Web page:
Our nation was founded on the idea that the government can not and should not be run by one man with whom lies all ultimate power, but rather by its citizens, who will confidently and intelligently decide for themselves what is in the best interest of the country as a whole.
It is on election nights like Tuesday when my own party received such a thorough electoral beating that I must remind myself of this very idea and its enduring importance. Since this country’s conception, its citizenry has drastically shifted on multiple occasions, moving from a revolutionary force which brought the tyrant King George to his knees to today’s apathetic variety of, at best, infrequent voters. The latter, of course, being the political reality in which representatives, governors and presidents alike must work to be elected.
That being said, the 2014 midterm election results were not the product of a people raising their voices to be heard, but rather the culmination of decades worth of political ignorance and apathy allowing for humiliatingly low voter turnout and the slow deterioration of what we once knew as the “good citizen.”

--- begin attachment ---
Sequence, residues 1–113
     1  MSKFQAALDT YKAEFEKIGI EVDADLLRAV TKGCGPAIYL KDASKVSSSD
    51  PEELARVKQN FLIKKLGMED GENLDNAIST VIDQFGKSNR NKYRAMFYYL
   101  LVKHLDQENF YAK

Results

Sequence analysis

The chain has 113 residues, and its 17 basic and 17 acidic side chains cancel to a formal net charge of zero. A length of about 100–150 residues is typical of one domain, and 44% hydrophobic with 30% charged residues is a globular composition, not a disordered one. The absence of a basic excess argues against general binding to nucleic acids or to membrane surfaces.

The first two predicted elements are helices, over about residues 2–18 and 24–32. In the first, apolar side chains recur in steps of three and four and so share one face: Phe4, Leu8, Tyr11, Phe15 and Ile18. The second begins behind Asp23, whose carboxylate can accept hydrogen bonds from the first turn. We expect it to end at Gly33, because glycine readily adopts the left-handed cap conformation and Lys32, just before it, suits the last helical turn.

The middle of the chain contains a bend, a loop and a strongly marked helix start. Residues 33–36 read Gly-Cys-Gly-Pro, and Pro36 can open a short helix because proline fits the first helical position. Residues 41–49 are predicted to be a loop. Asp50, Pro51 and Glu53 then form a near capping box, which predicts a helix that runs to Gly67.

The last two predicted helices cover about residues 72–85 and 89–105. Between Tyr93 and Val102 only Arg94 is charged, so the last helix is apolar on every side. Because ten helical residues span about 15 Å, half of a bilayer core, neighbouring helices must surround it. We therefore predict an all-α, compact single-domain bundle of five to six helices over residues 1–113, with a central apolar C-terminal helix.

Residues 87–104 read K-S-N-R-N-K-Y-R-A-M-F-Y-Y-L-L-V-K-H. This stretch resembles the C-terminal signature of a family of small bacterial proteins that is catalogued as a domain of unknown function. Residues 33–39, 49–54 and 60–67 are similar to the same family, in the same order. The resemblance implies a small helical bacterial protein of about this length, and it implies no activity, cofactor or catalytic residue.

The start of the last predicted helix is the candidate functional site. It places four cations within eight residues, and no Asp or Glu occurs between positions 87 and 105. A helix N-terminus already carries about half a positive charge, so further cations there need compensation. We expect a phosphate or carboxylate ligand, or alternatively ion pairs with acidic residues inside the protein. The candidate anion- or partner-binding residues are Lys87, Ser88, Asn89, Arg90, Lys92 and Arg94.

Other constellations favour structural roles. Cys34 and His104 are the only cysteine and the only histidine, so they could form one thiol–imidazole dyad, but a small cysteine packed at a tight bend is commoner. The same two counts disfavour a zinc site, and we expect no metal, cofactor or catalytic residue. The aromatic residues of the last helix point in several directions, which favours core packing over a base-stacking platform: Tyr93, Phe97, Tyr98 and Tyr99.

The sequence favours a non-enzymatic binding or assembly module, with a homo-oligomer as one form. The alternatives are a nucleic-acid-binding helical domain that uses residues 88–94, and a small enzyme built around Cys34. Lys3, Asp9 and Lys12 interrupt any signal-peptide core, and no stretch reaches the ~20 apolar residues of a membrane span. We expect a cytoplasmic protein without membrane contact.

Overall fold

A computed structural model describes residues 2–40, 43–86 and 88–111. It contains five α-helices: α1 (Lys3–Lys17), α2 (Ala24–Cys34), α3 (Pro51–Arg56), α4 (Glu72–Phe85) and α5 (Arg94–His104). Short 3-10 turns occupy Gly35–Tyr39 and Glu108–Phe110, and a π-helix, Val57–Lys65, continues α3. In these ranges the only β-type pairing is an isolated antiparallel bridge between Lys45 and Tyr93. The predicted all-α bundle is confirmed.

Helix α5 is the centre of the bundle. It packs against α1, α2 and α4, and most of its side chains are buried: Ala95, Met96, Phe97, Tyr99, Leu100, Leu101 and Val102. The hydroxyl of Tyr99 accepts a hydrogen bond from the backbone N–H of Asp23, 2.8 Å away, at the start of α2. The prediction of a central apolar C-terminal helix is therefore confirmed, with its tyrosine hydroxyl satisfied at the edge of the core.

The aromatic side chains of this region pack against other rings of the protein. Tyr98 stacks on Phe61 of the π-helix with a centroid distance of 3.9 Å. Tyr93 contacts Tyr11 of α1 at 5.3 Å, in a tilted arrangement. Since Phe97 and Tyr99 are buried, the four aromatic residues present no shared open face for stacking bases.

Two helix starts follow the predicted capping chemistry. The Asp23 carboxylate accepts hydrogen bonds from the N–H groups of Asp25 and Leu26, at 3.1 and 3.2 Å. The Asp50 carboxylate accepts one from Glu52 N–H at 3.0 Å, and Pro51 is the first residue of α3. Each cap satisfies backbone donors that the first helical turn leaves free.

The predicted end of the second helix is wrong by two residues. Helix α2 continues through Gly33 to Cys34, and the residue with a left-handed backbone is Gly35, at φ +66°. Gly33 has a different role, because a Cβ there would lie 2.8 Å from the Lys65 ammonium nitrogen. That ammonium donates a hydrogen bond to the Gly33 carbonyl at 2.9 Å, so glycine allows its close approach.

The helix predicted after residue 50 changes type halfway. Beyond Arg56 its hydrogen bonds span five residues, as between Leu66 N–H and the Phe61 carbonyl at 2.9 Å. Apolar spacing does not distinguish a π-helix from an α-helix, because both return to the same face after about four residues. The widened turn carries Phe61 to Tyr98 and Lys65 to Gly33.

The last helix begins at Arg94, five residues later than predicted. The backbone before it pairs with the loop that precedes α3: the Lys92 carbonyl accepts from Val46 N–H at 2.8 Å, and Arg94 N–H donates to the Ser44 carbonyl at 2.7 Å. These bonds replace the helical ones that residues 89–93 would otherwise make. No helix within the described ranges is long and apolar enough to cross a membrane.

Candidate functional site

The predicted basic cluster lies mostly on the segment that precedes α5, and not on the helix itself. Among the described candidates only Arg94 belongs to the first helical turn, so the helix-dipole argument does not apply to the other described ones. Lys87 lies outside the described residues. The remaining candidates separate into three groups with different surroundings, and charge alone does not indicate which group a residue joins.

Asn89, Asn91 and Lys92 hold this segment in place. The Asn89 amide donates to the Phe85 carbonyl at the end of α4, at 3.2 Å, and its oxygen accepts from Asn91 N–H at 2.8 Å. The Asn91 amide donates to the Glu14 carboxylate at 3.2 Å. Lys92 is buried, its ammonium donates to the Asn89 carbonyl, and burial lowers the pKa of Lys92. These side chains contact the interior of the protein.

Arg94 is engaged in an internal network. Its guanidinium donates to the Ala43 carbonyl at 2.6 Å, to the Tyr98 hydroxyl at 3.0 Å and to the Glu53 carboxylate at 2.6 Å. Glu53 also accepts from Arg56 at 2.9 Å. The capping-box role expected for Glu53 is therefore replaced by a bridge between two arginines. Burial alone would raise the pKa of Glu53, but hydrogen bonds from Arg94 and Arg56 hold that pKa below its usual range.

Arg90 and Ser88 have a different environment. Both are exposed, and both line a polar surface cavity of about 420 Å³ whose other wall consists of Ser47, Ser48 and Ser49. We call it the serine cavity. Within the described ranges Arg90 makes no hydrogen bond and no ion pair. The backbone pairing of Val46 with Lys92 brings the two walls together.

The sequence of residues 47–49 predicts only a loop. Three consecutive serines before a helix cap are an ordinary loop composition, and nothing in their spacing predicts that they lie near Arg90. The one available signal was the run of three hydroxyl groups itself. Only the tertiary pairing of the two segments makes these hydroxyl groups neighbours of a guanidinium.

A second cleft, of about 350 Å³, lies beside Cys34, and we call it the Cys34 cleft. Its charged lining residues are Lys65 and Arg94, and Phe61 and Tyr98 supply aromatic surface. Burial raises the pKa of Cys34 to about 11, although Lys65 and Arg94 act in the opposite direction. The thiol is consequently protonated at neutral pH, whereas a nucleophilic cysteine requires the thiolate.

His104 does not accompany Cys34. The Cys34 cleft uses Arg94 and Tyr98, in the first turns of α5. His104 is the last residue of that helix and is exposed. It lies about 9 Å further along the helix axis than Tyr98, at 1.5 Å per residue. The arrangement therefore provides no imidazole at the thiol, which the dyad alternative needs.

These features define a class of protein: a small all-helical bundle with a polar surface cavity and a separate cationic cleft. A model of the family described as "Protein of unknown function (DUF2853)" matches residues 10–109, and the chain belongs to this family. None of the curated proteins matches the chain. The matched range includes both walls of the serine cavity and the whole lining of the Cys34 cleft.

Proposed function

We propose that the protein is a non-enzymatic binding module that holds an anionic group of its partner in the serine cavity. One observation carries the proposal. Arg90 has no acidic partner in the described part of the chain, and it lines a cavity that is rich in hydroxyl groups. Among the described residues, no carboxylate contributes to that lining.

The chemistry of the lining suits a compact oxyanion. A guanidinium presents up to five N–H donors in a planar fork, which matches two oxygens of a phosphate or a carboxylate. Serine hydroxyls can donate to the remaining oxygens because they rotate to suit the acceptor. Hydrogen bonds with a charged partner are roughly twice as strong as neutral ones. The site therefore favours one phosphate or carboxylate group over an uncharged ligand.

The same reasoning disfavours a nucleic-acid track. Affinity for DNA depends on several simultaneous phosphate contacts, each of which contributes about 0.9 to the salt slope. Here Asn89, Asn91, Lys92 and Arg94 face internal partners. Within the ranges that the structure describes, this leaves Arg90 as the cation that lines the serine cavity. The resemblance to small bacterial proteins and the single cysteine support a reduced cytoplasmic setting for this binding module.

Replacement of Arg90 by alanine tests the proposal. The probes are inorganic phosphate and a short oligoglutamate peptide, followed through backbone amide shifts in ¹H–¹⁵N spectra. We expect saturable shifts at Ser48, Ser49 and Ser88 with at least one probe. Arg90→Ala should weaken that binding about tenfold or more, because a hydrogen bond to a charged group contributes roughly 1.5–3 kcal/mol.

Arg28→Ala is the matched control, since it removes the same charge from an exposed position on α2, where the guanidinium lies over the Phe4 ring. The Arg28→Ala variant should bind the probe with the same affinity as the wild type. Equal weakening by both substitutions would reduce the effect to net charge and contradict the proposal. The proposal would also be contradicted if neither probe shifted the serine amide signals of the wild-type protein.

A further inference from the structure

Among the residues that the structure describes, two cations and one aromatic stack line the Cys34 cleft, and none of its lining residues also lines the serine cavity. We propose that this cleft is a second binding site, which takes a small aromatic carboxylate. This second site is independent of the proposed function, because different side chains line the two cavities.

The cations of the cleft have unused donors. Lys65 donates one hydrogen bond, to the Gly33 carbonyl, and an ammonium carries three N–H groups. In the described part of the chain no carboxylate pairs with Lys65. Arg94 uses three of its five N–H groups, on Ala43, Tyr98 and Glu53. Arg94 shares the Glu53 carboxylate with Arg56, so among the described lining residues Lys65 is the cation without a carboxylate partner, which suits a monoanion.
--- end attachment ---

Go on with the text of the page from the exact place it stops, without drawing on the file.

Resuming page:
This decline in citizen interest is not entirely the fault of the people but is the consequence of an ever-changing cultural landscape, a media which has failed to properly inform the public on issues of national importance and political parties who have exhausted voters with decades of partisan bickering.
Every election season, our televisions are drowning in political advertisements, each one more nauseating, anxiety-inducing and fear-mongering than the last; it’s no wonder the public has given up on its political leaders!
As voters, we are both pandered to and patronized, with few politicians on either side thinking enough of us to speak candidly or honestly about the issues at hand. In return, the public seems to enjoy blaming politicians for every challenge facing our country, from economic downturns to bad reality television.
And while I don’t entirely disagree with that assessment, I do think it’s time for us to wake up from a long and fitful sleep to take responsibility for a country that is in desperate need of our attention.
I’ve heard it said that “decisions are made by those who show up,” so I must ask: Americans, where have you been and don’t you think it’s time you showed up for your country?
Lucy Danley is a senior political science major from Abilene. She is the president of ACU College Democrats.